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Scientists, environmentalists clash over whale research

Humpback whales
Humpback whales  

Low-frequency sounds beamed at humpbacks in Hawaii

March 31, 1998
Web posted at: 12:41 a.m. EST (0541 GMT)

KONA, Hawaii (CNN) -- Endangered humpback whales wintering in Hawaiian waters are the subject of an experiment that is pitting environmental groups against researchers.

The humpbacks spend the warmer months in the Gulf of Alaska, but return to Hawaii in the winter where they calve, sing, and play in the warm Hawaiian waters.

Although the whales are a tourist attraction, the island waters are a marine sanctuary and whale-watching boats are required to keep their distance.

Scientists are studying the effects of low-frequency sounds on whales  

The researchers are transmitting low-frequency sounds underwater in the direction of the whales and studying the reactions as recorded on research instruments.

"There's no doubt that at some level sound is harmful," says testing director Joseph Johnson. "The question is, what is that level, and that's part of what we're trying to do here is study the lowest order of behavioral effects of low-frequency sound on marine mammals."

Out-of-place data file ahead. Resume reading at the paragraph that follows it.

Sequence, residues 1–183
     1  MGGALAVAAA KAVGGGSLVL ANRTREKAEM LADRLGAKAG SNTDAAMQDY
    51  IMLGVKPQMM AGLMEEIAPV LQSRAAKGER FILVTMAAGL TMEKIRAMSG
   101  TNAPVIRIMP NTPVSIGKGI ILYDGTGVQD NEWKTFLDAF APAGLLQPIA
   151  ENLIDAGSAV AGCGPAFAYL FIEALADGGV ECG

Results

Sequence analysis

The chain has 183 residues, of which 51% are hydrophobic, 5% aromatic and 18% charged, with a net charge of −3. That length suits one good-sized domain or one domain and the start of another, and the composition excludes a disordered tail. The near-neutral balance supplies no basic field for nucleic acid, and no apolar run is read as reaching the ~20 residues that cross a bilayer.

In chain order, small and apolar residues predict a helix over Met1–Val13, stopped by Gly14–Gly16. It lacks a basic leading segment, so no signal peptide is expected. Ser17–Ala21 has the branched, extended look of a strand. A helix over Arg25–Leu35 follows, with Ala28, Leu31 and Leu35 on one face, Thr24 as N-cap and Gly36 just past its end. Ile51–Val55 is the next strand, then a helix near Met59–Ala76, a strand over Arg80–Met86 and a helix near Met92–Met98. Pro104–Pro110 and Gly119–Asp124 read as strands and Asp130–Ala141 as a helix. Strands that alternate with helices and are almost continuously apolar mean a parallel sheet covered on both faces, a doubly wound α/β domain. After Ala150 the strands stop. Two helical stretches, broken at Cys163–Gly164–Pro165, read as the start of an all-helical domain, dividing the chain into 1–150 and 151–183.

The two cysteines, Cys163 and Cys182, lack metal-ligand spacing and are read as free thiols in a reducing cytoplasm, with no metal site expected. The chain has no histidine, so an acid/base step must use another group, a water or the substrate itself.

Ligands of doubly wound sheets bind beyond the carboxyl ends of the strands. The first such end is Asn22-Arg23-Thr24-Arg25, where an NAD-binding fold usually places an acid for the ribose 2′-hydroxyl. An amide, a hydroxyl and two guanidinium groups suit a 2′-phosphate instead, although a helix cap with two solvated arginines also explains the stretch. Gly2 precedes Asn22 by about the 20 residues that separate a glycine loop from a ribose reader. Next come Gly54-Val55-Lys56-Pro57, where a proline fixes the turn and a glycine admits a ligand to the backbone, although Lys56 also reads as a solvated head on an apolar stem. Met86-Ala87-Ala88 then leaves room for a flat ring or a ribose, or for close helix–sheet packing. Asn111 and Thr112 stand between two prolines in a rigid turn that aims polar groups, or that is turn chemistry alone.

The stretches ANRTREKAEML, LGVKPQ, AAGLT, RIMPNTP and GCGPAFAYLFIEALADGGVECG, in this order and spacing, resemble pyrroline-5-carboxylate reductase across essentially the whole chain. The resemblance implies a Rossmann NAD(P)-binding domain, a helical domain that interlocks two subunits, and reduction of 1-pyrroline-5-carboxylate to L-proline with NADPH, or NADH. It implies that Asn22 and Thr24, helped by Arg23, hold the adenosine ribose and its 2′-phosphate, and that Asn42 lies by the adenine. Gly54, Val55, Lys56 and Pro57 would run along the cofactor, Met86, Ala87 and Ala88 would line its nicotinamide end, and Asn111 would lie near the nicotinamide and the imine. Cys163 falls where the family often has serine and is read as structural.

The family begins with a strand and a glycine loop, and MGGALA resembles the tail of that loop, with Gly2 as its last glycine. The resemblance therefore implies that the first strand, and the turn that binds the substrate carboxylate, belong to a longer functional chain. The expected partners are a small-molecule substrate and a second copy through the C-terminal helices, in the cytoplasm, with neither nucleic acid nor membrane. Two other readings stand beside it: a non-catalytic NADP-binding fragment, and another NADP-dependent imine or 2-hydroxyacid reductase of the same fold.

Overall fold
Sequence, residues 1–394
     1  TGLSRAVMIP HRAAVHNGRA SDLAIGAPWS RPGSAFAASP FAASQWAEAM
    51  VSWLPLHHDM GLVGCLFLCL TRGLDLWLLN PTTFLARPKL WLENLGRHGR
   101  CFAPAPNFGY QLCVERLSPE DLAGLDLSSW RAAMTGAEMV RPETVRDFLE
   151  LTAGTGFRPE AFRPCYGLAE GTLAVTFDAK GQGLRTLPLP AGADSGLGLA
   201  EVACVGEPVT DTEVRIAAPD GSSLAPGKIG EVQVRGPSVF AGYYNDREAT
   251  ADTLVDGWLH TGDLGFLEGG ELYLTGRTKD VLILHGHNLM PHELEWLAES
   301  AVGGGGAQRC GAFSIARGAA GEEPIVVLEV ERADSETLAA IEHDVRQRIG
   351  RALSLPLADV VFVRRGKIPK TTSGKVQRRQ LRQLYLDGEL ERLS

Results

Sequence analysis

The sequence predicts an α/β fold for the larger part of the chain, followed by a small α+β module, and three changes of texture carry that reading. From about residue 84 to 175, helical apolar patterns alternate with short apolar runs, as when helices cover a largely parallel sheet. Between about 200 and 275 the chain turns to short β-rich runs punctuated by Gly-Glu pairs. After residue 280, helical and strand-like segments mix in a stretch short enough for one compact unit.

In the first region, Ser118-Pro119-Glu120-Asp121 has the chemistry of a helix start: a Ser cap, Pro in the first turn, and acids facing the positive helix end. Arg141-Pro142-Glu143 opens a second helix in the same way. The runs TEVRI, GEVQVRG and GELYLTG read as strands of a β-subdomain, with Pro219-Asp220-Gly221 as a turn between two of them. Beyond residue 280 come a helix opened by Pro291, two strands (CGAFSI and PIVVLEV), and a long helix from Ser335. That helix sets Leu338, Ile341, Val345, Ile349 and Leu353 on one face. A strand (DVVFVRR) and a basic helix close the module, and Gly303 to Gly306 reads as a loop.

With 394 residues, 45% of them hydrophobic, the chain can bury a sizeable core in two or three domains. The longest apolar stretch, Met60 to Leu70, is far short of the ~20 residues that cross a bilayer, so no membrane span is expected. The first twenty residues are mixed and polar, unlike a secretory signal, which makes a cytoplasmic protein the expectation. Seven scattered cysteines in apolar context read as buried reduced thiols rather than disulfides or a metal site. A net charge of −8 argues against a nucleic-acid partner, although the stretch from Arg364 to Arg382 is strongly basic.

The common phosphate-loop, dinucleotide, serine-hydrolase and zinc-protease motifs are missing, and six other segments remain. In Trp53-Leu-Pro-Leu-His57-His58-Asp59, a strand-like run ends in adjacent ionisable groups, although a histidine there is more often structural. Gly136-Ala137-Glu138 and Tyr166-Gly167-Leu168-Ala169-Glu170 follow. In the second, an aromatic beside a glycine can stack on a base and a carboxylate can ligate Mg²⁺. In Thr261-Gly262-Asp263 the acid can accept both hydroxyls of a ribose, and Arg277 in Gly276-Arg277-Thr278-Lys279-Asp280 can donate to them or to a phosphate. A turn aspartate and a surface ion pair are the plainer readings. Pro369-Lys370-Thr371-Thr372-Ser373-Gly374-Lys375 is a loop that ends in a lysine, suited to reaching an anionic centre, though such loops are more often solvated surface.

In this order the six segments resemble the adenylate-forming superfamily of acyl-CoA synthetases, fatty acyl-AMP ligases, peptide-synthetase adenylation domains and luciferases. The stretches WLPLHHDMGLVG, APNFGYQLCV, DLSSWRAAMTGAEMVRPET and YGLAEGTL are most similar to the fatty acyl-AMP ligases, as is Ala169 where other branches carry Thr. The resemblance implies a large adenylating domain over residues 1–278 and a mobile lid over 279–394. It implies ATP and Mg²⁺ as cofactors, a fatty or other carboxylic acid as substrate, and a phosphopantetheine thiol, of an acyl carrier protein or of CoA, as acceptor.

But several environmental groups have tried to stop the experiments in court, and to disrupt them in the water.

Both sides agree whales are highly sensitive to sound, but when it comes to whether the low-frequency transmissions are harmful to them, the two sides are oceans apart.

Researchers say no harm done

CNN's Jim Hill reports from Hawaii
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"The references exist in scientific journals showing that whales avoid these kinds of sounds," says Marsha Green of the Ocean Mammal Institute. "We already have evidence whales can be killed, perhaps, by 195 decibels."

The Navy is paying for the research because it wants to use low-frequency sound to detect submarines, and the researchers say they are taking every precaution not to harm the whales.

"I would never propose an experiment of any kind that I thought could possibly harm a whale," says professor Chris Clark of Cornell University.

Protesters try to disrupt the testing  

Scientists say that early results show that no apparent harm is being done, and that the whales typically sing right through the sounds.

But protesters say the sounds have driven whales away and caused strange behavior.

"It seems as though the whales are much more engaged in surface activity," says Chris Reid, one of the protesters.

"We'll look very carefully at these data and see if there is any statistical difference between their behavior when we're transmitting," says professor Kurt Fristrup of Cornell. "But at the moment there's no obvious feature that stands out."

Correspondent Jim Hill contributed to this report.

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